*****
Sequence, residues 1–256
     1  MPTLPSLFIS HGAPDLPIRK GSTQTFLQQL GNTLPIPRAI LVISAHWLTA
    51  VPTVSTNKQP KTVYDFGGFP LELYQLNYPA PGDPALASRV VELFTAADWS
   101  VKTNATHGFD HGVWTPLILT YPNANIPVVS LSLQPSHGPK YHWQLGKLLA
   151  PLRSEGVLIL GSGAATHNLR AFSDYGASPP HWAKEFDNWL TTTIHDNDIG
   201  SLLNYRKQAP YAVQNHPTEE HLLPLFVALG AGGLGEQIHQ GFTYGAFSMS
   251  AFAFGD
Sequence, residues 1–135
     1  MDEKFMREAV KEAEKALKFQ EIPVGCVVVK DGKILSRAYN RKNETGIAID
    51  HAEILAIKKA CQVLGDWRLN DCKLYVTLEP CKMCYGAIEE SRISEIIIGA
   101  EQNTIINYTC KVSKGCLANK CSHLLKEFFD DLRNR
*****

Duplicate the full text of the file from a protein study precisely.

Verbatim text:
Sequence, residues 1–256
     1  MPTLPSLFIS HGAPDLPIRK GSTQTFLQQL GNTLPIPRAI LVISAHWLTA
    51  VPTVSTNKQP KTVYDFGGFP LELYQLNYPA PGDPALASRV VELFTAADWS
   101  VKTNATHGFD HGVWTPLILT YPNANIPVVS LSLQPSHGPK YHWQLGKLLA
   151  PLRSEGVLIL GSGAATHNLR AFSDYGASPP HWAKEFDNWL TTTIHDNDIG
   201  SLLNYRKQAP YAVQNHPTEE HLLPLFVALG AGGLGEQIHQ GFTYGAFSMS
   251  AFAFGD
Sequence, residues 1–135
     1  MDEKFMREAV KEAEKALKFQ EIPVGCVVVK DGKILSRAYN RKNETGIAID
    51  HAEILAIKKA CQVLGDWRLN DCKLYVTLEP CKMCYGAIEE SRISEIIIGA
   101  EQNTIINYTC KVSKGCLANK CSHLLKEFFD DLRNR